There are many “all-in-one” tools on the market which may fail when used because they’re not as good as the specific tool for the job. That can apply to mechanics or photography. For toys there is no specific goal of outcome, so you can’t fail whatever you’re using.
    Nothing wrong with having lots of tools (I certainly do) or lots of toys!

    1. Marc, “a different tool in photography can achieve a different yet still desirable result. One which the photographer may not be aware of until it is achieved…” Yes! This is what I was trying to say to Robert above. I don’t always have the experiences and skills to know how to get the result I want (or even know what it is), so I’m in toy mode, experimenting, seeing what comes up.

  4. Don McCullin said “he used a camera as he used a toothbrush; it did the job.” which is my view of cameras, but I do love keeping my old film cameras .

    1. I saw a documentary recently on Don McCullin, and the way he used the camera reflected this, just a tool to get the photograph. I wonder if because he has/had stuck to one camera for so long, and made so many images with it, it had become almost invisible, then this compounded his outlook. Any quirks the camera may have had were long overcome and forgotten, so photographer and camera were one unified entity. When someone reaches this stage, I don’t think it can be anything but a tool, or even a step beyond this, just an extension of the photographer.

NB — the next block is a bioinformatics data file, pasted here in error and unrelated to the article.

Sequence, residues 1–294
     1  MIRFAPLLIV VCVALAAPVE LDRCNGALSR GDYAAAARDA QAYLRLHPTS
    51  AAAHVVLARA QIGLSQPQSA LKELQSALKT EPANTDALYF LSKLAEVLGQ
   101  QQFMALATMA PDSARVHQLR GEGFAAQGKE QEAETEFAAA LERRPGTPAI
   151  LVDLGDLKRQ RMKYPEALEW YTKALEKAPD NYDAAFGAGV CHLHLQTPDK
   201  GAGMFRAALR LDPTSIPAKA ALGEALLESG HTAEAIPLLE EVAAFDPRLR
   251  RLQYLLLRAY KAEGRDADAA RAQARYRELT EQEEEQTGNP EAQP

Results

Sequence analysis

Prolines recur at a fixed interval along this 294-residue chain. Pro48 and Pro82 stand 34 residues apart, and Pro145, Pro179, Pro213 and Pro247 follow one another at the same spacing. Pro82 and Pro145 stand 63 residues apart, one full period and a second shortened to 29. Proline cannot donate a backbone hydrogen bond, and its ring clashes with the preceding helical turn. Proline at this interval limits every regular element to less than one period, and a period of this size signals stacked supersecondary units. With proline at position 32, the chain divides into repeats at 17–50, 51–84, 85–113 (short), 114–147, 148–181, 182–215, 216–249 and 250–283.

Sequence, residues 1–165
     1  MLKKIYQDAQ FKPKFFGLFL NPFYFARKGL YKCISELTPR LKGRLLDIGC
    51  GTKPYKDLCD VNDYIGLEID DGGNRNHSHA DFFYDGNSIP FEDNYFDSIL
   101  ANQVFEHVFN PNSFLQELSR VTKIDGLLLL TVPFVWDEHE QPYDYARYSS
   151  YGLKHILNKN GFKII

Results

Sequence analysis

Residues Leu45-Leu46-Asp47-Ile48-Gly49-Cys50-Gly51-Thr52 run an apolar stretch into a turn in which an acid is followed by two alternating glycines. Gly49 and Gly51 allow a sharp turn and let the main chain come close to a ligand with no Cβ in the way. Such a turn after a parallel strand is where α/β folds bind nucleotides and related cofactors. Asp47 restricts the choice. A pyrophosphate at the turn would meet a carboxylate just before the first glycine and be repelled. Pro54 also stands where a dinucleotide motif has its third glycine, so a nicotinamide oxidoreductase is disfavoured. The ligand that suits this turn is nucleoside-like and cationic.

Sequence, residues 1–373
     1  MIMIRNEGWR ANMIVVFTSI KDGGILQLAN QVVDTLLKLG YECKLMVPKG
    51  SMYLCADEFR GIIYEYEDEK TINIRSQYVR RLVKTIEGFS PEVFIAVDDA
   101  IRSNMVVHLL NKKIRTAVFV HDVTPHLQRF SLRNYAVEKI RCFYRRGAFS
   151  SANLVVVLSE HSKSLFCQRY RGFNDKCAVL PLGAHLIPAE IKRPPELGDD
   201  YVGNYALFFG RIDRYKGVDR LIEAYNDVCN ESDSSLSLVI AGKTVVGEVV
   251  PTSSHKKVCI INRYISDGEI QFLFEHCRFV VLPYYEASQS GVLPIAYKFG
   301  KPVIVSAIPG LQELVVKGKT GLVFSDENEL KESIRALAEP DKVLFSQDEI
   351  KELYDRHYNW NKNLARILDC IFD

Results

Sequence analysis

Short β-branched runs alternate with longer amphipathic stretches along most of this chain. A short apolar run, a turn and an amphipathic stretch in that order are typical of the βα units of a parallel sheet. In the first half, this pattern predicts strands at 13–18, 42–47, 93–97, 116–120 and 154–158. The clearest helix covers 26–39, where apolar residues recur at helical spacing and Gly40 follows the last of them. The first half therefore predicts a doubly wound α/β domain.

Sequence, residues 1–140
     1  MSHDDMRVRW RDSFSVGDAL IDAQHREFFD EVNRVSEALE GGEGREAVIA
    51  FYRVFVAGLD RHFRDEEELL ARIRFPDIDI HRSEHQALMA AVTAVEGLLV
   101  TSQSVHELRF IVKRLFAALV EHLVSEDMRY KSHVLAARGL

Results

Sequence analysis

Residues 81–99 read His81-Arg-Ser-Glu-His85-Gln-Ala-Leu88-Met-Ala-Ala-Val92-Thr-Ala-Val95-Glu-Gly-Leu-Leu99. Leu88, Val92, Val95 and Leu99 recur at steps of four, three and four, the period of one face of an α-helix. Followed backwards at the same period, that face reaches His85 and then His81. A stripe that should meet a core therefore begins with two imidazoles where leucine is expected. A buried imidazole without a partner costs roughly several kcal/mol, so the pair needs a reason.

Part of me really envies this position, and part of me thinks I’d miss the fun and variety of using different cameras.

  5. Definitely toys! The upside is that it is never ending fun to pick up an old friend and shoot some nice pictures. Downside is that I always end up bringing too many cameras with me! I have tools that I use in my job as a physician, but toys to enjoy in my hobby. Enjoy as always the seeds of thought you plant every day. Keep it up!

    1. Thanks Martin.

      It’s funny how we perceive things. I think I still consider cameras as toys as they’re fun to use. For me, something that’s “just” a tool, doesn’t imply any pleasure in using it somehow, it’s just a functional experience.